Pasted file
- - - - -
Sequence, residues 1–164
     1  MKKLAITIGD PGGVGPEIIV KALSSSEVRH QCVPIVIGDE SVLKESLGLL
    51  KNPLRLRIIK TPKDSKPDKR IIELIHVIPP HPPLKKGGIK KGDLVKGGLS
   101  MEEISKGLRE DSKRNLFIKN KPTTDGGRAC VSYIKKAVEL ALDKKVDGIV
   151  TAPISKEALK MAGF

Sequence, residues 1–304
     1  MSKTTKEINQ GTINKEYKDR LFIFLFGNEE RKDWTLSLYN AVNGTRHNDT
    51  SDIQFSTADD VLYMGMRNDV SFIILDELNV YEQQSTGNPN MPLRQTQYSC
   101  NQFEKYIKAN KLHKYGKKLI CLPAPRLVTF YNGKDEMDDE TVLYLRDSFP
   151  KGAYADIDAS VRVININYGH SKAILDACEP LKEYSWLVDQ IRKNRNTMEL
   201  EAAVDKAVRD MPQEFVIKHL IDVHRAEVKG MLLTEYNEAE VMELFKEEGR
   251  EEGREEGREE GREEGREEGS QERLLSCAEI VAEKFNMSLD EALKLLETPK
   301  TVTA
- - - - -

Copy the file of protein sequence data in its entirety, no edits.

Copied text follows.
Sequence, residues 1–164
     1  MKKLAITIGD PGGVGPEIIV KALSSSEVRH QCVPIVIGDE SVLKESLGLL
    51  KNPLRLRIIK TPKDSKPDKR IIELIHVIPP HPPLKKGGIK KGDLVKGGLS
   101  MEEISKGLRE DSKRNLFIKN KPTTDGGRAC VSYIKKAVEL ALDKKVDGIV
   151  TAPISKEALK MAGF

Sequence, residues 1–304
     1  MSKTTKEINQ GTINKEYKDR LFIFLFGNEE RKDWTLSLYN AVNGTRHNDT
    51  SDIQFSTADD VLYMGMRNDV SFIILDELNV YEQQSTGNPN MPLRQTQYSC
   101  NQFEKYIKAN KLHKYGKKLI CLPAPRLVTF YNGKDEMDDE TVLYLRDSFP
   151  KGAYADIDAS VRVININYGH SKAILDACEP LKEYSWLVDQ IRKNRNTMEL
   201  EAAVDKAVRD MPQEFVIKHL IDVHRAEVKG MLLTEYNEAE VMELFKEEGR
   251  EEGREEGREE GREEGREEGS QERLLSCAEI VAEKFNMSLD EALKLLETPK
   301  TVTA